By a Biometrica Correspondent
In February 2020, almost exactly one year to the day she was killed in the line of duty, FBI Special Agent Laura Schwartzenberger was doing what she loved — talking to middle-schoolers at Rockway Middle School in Miami, part of their 6th grade legal studies and forensic science class, about practicing online safety. She was fiercely dedicated to her mission and told the students she was there because they mattered. She would always say, “I feel that coming here and talking about the hard stuff means that I won’t see you guys on my end,” the school said in a statement on their Facebook page.
Special Agent Schwartzenberger, 43, was killed along with her colleague and friend, Special Agent Daniel Alfin, on Tuesday, Feb. 2, while doing what was considered everyday work for the agents of Squad-18, part of the FBI Miami’s Violent Crimes Against Children section — executing a federal court-ordered search warrant in a crimes against children investigation in Sunrise, Florida, a community just northwest of Fort Lauderdale. Special Agent Alfin was 36.
As FBI Director Christopher Wray said at both their memorial services over this weekend, “When new special agents walk across the graduation stage at the FBI Academy in Quantico, they swear an oath confirming who they want to be and the kind of life they want to lead” — they make a promise to put service over self, to protect the American people and uphold the Constitution of the United States.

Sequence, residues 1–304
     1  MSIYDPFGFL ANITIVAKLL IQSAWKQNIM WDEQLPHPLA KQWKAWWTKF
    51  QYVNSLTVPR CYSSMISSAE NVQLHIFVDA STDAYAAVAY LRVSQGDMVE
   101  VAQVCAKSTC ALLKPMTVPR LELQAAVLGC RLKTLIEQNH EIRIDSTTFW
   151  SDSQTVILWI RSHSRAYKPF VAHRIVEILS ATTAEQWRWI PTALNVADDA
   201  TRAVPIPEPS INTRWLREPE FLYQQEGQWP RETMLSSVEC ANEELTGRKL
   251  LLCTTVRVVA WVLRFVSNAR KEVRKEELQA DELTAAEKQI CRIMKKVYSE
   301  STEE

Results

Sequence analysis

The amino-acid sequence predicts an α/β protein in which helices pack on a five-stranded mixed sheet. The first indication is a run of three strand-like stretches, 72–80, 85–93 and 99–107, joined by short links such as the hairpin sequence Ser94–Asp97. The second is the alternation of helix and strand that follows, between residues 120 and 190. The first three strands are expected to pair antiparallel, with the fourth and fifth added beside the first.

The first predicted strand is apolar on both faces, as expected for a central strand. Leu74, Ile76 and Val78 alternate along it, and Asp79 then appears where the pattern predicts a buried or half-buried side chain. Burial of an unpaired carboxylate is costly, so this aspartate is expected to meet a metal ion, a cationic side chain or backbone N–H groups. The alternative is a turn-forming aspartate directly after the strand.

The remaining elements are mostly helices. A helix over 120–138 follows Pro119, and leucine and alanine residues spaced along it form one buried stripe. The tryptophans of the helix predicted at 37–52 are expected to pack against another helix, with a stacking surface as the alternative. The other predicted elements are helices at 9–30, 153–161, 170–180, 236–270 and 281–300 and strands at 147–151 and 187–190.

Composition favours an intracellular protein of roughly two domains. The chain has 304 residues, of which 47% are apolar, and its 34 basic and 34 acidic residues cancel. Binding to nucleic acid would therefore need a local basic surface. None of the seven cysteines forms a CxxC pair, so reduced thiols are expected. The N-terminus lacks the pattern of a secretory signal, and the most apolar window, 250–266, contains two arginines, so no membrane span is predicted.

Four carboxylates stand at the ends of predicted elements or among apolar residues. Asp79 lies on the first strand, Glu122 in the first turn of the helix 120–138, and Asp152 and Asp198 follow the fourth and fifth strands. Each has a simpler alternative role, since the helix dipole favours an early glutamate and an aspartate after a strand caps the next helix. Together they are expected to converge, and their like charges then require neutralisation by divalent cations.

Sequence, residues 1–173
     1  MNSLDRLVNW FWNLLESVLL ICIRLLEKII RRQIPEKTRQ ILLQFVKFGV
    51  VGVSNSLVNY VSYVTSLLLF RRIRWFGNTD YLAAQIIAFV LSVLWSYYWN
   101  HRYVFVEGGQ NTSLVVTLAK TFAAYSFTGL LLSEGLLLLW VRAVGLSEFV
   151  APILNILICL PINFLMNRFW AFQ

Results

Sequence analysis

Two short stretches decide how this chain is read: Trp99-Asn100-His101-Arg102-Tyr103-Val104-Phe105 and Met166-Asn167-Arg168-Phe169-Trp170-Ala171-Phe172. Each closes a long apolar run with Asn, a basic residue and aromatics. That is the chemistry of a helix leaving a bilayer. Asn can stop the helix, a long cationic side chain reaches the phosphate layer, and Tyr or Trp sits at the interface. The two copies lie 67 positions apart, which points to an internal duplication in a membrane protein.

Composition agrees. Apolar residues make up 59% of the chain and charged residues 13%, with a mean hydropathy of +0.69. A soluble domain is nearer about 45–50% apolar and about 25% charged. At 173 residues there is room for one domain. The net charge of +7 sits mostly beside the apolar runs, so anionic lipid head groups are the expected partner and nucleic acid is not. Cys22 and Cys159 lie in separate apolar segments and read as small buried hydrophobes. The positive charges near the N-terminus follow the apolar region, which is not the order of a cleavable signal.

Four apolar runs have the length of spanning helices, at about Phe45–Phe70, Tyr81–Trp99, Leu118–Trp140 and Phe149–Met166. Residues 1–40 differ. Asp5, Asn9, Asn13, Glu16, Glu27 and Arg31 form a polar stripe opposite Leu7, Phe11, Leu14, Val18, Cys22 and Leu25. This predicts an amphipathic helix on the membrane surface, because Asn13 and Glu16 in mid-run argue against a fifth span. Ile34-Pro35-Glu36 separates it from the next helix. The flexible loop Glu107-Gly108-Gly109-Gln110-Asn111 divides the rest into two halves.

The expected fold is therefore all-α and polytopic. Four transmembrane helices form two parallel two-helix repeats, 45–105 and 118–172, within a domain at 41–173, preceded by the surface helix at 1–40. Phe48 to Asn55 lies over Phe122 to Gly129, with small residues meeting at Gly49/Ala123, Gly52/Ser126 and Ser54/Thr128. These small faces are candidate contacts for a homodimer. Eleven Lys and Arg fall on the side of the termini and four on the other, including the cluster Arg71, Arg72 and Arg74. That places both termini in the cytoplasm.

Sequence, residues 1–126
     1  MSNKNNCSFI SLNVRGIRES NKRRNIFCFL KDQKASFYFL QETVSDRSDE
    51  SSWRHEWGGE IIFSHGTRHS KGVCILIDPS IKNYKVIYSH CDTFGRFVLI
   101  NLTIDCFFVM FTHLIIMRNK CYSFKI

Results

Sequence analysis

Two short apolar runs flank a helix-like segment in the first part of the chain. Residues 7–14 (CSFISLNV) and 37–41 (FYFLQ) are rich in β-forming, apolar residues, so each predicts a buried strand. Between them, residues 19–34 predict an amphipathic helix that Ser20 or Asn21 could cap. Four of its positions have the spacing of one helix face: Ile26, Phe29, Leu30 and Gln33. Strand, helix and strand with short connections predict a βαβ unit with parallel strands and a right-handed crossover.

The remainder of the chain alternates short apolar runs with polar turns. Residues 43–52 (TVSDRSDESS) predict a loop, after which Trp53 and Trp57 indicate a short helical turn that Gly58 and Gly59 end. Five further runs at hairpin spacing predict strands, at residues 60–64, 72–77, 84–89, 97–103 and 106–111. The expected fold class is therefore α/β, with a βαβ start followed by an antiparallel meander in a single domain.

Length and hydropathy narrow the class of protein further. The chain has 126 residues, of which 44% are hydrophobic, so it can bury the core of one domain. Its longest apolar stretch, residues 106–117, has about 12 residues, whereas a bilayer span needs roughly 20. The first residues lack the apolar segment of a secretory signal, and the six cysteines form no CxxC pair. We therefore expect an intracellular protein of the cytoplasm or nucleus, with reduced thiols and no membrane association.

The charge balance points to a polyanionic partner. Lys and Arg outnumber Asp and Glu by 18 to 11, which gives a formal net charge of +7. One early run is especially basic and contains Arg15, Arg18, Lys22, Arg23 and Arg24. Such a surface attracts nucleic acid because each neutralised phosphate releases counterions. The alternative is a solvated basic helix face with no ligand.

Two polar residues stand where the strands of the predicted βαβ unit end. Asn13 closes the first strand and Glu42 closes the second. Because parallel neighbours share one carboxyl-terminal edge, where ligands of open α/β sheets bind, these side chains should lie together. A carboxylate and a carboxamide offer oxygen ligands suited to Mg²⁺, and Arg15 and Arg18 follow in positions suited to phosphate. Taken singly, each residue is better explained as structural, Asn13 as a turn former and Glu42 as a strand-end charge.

Special Agents Schwartzenberger and Alfin, both of whom were parents of young children, had committed their careers to something so much harder and more heartbreaking than protecting people at large: Their focus was on protecting the most vulnerable among us, our children, from the vilest of predators, a job that typically is high stress, takes a huge emotional toll, and has a high burnout rate. But they both strode on.
Athletic, Dedicated, Empathetic & Joyful
Special Agent Schwartzenberger joined the Bureau in 2005 and was stationed in Albuquerque, New Mexico for her first assignment. In 2007, she applied and became the first ever—and still the only ever—female FBI SWAT team member in Albuquerque. According to Director Wray, “to qualify, among other things, all potential SWAT team members must do two pull-ups while wearing a 25-pound weighted vest. Laura did five.”
“She was an athlete in body and mind,” he said. “Obstacle course races, CrossFit sessions — Laura was always moving. But she was an athlete in spirit, too. She had a sharp mental focus, stamina, and sense of teamwork and camaraderie that allowed her to keep moving forward, case after case and victim after victim. He said her athleticism and grit were only part of the reason she was picked. “The SWAT team also had to consider her personality. Was this someone they could spent hours, days, or even weeks with, in extremely close contact, during a crisis? Could they count on her in the most dangerous situations with their lives? The answer was a resounding yes.”
Three years on, and now a new parent, Agent Schwartzenberger transferred to Miami and the Violent Crimes Against Children Squad. It was here, the FBI said, that she found her true calling — keeping children safe.
Brilliant, Funny, Persistent & Dedicated